I have always said that if people think, not based on productivity, they could have a five or a six per cent per annum wage claim, that would be a risk. To date we haven’t seen that. We have seen some people making ambit claims, we have seen a few instances of where it has happened. But my warning is, do not take that into the general economy. That would be a problem for the general economy and I would say to people, you can still have a real wage increase, on 2 per cent inflation. You can still have a real wage increase of 3 and 4 per cent and once more that real wage increase of 3 and 4 per cent backed up by productivity will be consistent with the economy continuing to grow but anyone who thinks out there that they can take advantage and got for 6 or 7 or more, and if that became widespread in the Australian community that would be a problem. Yes.

JOURNALIST:

Some analysts have interpreted Ken Henry’s statements as he was referring to interest rates potentially going up next week. To those people would you say or could you say whether or not you think it is appropriate that he should be giving hints like that when he actually sits on that Board?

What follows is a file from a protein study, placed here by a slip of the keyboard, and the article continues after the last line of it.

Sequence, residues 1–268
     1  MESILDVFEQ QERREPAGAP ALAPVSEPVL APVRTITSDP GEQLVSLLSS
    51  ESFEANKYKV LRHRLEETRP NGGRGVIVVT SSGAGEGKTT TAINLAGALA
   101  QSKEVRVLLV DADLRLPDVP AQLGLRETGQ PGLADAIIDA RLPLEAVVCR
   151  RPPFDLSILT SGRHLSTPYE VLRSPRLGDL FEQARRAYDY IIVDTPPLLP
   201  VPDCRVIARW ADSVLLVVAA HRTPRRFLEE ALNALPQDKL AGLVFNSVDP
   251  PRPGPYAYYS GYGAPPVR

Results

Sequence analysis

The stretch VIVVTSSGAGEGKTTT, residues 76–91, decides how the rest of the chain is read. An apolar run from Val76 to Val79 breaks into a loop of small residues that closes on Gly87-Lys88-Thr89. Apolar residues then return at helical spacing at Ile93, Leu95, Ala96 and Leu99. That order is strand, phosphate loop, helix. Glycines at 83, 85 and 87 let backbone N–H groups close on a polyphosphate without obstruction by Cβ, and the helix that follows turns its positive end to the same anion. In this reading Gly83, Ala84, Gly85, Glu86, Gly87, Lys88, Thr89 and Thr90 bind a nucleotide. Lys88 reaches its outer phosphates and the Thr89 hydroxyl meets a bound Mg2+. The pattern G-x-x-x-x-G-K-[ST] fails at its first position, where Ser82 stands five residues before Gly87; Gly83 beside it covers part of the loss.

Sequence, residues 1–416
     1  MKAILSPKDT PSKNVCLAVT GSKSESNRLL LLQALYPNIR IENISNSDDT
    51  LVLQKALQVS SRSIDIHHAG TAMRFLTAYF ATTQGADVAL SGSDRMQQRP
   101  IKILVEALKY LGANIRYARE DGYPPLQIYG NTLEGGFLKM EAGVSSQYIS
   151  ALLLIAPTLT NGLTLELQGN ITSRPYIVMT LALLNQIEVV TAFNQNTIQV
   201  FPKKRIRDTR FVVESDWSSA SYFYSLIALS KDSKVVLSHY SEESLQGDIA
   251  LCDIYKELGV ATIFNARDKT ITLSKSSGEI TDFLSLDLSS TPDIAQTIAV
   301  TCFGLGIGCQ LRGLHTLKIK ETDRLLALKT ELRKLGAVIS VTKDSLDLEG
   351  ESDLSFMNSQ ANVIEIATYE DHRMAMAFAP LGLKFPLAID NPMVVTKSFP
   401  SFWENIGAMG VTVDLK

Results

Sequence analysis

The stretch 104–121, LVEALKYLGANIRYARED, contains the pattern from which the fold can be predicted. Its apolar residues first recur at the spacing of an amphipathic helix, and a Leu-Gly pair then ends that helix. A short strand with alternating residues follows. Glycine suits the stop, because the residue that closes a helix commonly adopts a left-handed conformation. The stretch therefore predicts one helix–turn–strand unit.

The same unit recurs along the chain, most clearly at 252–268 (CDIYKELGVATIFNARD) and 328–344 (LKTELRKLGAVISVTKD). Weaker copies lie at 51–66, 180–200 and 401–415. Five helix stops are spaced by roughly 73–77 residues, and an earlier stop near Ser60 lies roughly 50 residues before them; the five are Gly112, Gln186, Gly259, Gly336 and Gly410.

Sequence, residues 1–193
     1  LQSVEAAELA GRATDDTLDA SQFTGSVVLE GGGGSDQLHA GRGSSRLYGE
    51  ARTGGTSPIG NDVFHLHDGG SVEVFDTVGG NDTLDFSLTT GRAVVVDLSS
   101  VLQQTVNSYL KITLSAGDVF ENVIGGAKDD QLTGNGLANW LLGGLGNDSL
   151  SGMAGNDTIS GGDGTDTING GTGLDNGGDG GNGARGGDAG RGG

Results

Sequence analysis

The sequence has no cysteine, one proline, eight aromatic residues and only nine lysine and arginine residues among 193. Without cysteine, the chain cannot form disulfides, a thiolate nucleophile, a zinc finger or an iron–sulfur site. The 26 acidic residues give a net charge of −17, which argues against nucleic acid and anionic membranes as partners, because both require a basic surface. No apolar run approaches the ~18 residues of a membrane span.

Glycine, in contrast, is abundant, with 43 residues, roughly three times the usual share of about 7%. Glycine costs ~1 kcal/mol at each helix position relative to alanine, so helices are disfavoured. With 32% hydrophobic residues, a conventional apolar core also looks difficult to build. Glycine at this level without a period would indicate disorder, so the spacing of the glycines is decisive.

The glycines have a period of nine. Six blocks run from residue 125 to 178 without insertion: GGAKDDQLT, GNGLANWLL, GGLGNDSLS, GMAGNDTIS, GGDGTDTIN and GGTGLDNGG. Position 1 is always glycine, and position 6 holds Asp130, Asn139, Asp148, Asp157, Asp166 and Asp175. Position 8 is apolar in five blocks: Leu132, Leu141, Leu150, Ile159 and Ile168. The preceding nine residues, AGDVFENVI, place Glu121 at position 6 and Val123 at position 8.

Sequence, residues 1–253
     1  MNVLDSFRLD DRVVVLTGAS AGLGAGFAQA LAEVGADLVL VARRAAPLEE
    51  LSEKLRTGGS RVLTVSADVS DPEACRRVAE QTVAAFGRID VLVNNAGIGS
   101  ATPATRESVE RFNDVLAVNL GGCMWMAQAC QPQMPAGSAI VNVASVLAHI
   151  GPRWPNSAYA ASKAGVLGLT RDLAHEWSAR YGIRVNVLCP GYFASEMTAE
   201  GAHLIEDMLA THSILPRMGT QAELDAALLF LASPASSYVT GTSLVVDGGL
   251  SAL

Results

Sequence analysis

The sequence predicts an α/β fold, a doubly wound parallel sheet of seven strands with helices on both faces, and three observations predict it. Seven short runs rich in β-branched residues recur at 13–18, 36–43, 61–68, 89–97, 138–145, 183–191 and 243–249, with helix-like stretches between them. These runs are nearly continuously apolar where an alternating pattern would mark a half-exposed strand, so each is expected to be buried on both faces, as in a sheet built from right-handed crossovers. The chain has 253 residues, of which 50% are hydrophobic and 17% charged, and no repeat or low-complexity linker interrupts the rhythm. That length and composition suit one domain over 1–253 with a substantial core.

TREASURER:

Well Ken Henry is Treasury Secretary, he makes a very strong contribution in that capacity. He is obviously one of the senior economic officers in the country and he is as entitled to have his view on the economy as the Reserve Bank Governor or any journalist or any banker or the people who seem to be absolute experts on everything these days, bank economists. So, absolutely I would defend his right to make a contribution.

JOURNALIST:

And how are you feeling gearing up to your, is it tenth Treasurer?

TREASURER:

Yes it is.

JOURNALIST:

How is it going?

TREASURER:

Well we are working hard.

JOURNALIST:

How is the mood going.

TREASURER:

We are working very, very hard and in little under two weeks time all will be revealed. Thank you very much for your time.